Recent studies have characterized populations of memory CD8+ T cells that do not recirculate through the blood but are, instead, retained in nonlymphoid tissues. Such CD8+ tissue resident memory T cells (TRM) are critical for pathogen control at barrier sites. Identifying TRM and defining the basis for their tissue residency is therefore of considerable importance for understanding protective immunity and improved vaccine design. Expression of the molecule CD69 is widely used as a definitive marker for TRM, yet it is unclear whether CD69 is universally required for producing or retaining TRM. Using multiple mouse models of acute immunization, we found that the functional requirement for CD69 was highly variable, depending on the tissue examined, playing no detectable role in generation of TRM at some sites (such as the small intestine), whereas CD69 was critical for establishing resident cells in the kidney. Likewise, forced expression of CD69 (but not expression of a CD69 mutant unable to bind the egress factor S1PR1) promoted CD8+ TRM generation in the kidney but not in other tissues. Our findings indicate that the functional relevance of CD69 in generation and maintenance of CD8+ TRM varies considerably, chiefly dependent on the specific nonlymphoid tissue studied. Together with previous reports that suggest uncoupling of CD69 expression and tissue residency, these findings prompt caution in reliance on CD69 expression as a consistent marker of CD8+ TRM.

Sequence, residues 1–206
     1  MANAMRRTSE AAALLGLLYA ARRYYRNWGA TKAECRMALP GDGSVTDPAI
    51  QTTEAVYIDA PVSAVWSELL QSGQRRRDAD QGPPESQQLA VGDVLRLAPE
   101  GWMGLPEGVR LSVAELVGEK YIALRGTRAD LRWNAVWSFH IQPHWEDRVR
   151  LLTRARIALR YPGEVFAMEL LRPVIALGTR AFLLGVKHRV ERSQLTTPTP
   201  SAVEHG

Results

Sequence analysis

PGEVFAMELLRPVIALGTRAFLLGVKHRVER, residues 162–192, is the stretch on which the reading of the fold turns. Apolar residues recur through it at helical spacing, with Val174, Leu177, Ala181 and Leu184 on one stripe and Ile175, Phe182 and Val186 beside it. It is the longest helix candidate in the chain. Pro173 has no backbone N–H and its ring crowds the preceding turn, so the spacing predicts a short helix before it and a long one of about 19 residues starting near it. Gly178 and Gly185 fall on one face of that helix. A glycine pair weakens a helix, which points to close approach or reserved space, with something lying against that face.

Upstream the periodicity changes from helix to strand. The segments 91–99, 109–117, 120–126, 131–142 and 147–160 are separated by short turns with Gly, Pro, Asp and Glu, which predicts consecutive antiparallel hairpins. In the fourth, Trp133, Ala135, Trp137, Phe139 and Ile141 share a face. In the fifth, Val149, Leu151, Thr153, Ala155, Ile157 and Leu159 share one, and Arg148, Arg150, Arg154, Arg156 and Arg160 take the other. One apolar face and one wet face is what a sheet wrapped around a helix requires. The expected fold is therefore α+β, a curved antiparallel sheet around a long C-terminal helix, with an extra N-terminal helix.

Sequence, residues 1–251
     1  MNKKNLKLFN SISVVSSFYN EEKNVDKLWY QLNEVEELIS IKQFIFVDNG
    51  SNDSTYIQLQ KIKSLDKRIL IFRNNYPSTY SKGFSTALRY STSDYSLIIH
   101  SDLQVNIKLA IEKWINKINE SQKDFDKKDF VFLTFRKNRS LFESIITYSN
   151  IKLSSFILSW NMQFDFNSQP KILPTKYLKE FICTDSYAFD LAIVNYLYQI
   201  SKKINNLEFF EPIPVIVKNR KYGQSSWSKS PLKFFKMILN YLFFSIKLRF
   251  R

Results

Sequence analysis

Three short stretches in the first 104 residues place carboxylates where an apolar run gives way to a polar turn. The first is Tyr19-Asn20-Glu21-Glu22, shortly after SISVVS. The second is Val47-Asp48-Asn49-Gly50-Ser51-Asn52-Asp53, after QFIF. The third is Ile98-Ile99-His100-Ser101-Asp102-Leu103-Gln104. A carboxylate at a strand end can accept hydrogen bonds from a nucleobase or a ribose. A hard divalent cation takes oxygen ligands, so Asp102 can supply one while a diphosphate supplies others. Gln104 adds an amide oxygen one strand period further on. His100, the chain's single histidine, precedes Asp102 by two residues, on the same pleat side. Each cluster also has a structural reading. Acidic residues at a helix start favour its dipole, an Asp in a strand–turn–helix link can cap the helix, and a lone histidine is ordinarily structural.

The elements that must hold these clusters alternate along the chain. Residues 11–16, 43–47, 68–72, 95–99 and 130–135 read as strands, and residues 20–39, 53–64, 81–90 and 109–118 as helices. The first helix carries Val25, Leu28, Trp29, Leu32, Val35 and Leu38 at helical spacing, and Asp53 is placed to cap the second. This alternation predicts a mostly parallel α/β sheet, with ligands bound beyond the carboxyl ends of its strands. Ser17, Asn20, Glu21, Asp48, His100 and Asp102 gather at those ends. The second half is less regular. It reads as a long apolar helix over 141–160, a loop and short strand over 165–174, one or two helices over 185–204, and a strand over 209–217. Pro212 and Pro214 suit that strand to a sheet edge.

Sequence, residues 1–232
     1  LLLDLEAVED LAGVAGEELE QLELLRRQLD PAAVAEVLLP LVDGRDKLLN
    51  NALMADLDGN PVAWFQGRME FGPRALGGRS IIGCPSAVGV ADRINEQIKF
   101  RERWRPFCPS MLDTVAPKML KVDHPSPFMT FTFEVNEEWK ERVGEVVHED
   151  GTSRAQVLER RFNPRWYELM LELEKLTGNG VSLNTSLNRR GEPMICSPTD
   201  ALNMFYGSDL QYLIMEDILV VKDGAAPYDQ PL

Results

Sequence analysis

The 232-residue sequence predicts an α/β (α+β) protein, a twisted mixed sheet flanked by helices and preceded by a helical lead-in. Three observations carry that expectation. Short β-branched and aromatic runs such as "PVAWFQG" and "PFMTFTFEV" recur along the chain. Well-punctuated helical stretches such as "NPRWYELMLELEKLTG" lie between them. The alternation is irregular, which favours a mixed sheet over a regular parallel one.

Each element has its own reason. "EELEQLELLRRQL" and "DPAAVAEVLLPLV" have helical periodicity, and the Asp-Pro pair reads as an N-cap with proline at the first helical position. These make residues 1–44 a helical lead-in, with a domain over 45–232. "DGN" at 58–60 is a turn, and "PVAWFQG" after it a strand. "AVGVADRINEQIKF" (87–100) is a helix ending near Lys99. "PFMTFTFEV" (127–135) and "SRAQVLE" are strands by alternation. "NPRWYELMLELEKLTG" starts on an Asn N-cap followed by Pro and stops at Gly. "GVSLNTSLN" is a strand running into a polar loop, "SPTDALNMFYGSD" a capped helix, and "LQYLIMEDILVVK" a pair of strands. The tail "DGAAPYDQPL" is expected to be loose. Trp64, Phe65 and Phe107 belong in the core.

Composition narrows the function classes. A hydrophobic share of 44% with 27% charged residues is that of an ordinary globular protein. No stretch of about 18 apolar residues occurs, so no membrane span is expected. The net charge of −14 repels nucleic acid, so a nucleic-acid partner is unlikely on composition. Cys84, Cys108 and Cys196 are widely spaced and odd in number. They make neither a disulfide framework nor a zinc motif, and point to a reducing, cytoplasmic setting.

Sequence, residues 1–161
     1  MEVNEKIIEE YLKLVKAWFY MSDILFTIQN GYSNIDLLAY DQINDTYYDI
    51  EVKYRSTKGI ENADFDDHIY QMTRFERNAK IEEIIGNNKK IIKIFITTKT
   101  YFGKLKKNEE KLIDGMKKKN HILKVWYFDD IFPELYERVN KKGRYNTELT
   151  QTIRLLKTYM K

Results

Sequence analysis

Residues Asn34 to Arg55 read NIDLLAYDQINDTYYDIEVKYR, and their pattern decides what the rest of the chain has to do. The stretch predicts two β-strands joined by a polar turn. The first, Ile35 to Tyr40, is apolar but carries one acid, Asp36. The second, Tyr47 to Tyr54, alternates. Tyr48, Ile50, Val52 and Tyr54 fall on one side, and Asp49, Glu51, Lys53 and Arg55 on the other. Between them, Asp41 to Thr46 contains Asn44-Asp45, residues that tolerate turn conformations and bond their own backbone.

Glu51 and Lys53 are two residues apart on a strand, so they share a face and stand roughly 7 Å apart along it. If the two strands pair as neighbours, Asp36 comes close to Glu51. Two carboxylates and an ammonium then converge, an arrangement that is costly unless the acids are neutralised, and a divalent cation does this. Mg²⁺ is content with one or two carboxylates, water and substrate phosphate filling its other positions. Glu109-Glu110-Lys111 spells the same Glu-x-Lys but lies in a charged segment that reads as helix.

ASJC Scopus subject areas
- Immunology and Allergy